There are no six degrees of separation in our industry. I’ve always touted that there are probably three degrees in most cases and usually less for us HCIT veterans. We all know many people in the healthcare technology ecosystem—which is a good thing. It can also be a very bad thing if we use our connections the wrong way by conducting a back channel reference and unknowingly sabotage a candidate’s career. This long used approach to validate a candidate’s value through people we know and trust, while unintentional, can lead to some very challenging conversations with the candidate’s current employer and even result in termination if the back channel call is done at the wrong time or without providing some notification to the search consultant or the candidate. It can be a slippery slope to say the least.
The practice of calling people we know and trust to get the real “skinny” on a candidate has been around for years but is now more simplified by using tools like LinkedIn to help you connect the dots on who knows who. I always encourage my clients to be a part of the reference check process so they feel like they can talk openly to peer executives to get information on a potential new hire. But let’s face it—if this is done in a clandestine manner and secretly without having consent or giving notice to others involved in the process—the risks of the current employer finding out about it increases exponentially.
Unless the candidate has signed off for you to contact somebody from their current place of employment, you run a huge risk of forewarning their boss that they are actively looking for a new gig. Do you really want to be responsible for that sort of damage you could create? It’s best to navigate around those who may tip off their current manager. For top executives (even in healthcare) finding another job can take a while depending on lots of factors. I tell candidates to count on a 3-6 month window to find a new job but it could take longer. This timeline becomes even more challenging when the candidate loses their job because their current employer finds out through a back door channel reference and decides to start searching for their replacement. And what happens if they don’t get an offer? Now they are exposed and at risk for not. It happens a lot more than you might think. It just happened last week to a candidate I know and the consequences of the whistle blower could be grave and even create legal issues.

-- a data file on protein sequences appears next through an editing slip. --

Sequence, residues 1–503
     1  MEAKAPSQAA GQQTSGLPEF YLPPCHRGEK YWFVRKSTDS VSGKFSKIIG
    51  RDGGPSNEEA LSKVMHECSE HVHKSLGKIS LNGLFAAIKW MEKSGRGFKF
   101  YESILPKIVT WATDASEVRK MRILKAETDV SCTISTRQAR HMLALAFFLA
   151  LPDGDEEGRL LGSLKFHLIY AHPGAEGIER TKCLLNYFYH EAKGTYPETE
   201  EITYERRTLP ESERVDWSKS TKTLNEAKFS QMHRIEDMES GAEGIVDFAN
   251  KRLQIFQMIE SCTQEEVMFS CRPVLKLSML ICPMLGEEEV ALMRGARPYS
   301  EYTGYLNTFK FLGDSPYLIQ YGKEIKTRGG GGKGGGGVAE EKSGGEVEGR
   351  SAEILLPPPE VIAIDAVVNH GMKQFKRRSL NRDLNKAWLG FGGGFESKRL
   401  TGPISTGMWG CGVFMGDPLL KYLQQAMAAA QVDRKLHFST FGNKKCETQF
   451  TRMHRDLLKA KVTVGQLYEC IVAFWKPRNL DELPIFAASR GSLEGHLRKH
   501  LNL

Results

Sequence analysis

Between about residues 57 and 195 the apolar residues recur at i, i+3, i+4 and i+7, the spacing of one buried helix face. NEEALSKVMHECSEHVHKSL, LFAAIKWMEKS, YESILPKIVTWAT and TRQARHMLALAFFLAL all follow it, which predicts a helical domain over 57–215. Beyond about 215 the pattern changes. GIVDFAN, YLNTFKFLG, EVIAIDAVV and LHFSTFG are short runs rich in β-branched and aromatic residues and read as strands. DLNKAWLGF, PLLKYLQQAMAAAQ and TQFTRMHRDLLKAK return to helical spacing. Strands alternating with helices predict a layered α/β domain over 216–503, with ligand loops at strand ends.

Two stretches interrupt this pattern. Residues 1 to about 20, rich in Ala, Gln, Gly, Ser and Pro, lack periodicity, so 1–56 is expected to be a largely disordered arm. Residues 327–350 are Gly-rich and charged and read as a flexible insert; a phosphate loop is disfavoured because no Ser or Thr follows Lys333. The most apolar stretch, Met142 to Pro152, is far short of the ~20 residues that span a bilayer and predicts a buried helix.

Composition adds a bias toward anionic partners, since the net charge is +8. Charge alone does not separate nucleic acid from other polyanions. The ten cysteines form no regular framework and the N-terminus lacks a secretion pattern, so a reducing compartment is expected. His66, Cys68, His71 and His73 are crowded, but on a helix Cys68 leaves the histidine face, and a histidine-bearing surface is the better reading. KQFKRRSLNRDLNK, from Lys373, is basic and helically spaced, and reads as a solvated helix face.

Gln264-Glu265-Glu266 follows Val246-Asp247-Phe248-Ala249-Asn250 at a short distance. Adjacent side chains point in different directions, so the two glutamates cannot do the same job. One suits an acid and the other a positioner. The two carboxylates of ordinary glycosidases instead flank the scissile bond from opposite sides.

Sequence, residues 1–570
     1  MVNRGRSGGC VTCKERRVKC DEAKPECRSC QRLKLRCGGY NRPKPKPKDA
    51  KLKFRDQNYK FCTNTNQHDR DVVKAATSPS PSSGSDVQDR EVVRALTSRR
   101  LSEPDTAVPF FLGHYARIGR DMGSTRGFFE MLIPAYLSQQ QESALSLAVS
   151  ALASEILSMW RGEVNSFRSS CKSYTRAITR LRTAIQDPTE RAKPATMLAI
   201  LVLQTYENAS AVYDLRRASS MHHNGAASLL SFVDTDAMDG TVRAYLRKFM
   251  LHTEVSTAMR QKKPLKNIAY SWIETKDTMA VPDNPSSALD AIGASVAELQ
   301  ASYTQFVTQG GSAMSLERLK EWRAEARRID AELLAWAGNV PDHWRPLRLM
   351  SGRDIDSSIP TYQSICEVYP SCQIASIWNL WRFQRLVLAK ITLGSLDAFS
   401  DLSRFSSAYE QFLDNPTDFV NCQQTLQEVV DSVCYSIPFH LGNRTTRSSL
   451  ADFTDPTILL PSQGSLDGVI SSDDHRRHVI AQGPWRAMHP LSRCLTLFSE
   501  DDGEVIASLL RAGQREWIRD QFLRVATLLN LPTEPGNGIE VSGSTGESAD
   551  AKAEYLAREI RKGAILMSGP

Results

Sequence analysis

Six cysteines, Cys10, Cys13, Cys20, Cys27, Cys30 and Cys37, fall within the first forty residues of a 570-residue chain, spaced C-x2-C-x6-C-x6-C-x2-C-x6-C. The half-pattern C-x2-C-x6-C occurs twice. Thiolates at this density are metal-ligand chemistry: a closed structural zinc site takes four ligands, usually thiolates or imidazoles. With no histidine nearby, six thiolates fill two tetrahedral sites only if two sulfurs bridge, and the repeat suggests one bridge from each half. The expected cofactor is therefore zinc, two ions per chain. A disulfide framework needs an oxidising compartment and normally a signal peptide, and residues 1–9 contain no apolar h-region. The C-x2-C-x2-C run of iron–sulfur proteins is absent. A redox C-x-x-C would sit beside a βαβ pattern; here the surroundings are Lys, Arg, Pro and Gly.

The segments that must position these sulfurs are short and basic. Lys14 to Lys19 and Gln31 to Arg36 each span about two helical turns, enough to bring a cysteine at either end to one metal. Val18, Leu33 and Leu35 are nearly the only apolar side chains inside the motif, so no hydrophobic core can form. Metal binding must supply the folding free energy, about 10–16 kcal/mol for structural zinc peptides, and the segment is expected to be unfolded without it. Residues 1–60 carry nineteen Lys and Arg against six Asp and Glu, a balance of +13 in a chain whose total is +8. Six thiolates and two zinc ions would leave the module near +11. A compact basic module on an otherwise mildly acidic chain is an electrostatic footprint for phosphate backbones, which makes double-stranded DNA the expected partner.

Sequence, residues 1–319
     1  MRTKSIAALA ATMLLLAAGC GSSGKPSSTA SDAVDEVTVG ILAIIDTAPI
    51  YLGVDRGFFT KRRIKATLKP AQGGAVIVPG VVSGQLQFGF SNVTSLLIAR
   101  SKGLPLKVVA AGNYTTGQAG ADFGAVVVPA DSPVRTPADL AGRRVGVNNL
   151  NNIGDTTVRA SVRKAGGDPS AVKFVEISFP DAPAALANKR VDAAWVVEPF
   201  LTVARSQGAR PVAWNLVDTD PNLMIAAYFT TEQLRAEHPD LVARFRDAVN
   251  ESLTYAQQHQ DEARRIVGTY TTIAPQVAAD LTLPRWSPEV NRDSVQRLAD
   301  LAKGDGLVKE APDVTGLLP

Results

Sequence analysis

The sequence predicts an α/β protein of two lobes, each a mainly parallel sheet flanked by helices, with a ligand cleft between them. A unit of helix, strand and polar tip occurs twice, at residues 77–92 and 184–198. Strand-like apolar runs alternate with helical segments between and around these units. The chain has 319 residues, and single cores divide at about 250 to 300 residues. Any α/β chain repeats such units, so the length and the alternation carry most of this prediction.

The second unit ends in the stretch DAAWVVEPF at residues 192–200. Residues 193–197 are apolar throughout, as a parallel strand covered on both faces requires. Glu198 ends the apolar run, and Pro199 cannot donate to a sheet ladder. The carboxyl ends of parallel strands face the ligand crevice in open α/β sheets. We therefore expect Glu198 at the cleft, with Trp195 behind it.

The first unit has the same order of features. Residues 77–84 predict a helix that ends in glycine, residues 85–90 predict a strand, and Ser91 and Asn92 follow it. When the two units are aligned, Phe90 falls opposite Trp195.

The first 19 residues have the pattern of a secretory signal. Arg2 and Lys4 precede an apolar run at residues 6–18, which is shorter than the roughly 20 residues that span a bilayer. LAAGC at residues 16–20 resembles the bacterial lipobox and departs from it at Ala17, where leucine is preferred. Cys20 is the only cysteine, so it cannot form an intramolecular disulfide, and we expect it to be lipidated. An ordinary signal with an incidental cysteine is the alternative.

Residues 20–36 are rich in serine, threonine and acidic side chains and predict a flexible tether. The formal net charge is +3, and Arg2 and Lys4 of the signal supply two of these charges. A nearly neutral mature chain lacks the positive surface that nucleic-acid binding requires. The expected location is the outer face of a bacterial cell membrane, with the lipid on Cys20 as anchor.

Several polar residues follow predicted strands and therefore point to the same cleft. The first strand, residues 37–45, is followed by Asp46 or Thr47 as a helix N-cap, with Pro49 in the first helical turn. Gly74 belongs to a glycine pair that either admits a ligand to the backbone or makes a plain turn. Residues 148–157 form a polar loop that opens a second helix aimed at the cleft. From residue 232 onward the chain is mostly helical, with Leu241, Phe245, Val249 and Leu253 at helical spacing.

To conduct a reference summary on behalf of a candidate, backdoor or otherwise, you must have written consent signed by the candidate. It’s a common practice for our firm and we have a standard release form that the candidate must sign to start their reference check. If the candidate refuses to sign the release, then big red flags begin to appear. Unless they specifically state that they do not want you to use any other sources to confirm their suitability except for those referees they have provided, you are within your rights to look for references on candidates through any method you want to, provided they have confirmed you are allowed to check their references. If you decide to do a back door reference you definitely need to make sure there is a signed release form in place or you could be putting the candidate, their livelihood and their family at risk.
It’s perfectly fine to do your due diligence when making an important hire. Just make sure you are following the rules of the road so you avoid putting others in a bad situation. Do onto others… well you get the point.
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